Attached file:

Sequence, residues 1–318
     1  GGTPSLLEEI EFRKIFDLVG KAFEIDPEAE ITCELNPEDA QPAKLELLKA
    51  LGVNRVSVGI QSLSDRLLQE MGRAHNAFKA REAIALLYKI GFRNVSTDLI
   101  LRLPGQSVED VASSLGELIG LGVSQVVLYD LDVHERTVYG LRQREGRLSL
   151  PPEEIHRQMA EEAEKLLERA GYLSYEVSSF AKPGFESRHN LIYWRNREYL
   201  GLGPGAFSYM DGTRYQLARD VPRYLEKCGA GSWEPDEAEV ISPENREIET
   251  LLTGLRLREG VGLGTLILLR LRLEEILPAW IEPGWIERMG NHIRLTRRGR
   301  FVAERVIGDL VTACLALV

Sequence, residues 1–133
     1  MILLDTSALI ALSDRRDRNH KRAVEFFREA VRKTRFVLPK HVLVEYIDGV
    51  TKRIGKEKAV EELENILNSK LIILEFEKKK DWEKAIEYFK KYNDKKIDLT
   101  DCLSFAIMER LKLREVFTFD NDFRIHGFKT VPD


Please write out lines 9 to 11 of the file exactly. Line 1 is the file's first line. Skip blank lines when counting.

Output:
Sequence, residues 1–133
     1  MILLDTSALI ALSDRRDRNH KRAVEFFREA VRKTRFVLPK HVLVEYIDGV
    51  TKRIGKEKAV EELENILNSK LIILEFEKKK DWEKAIEYFK KYNDKKIDLT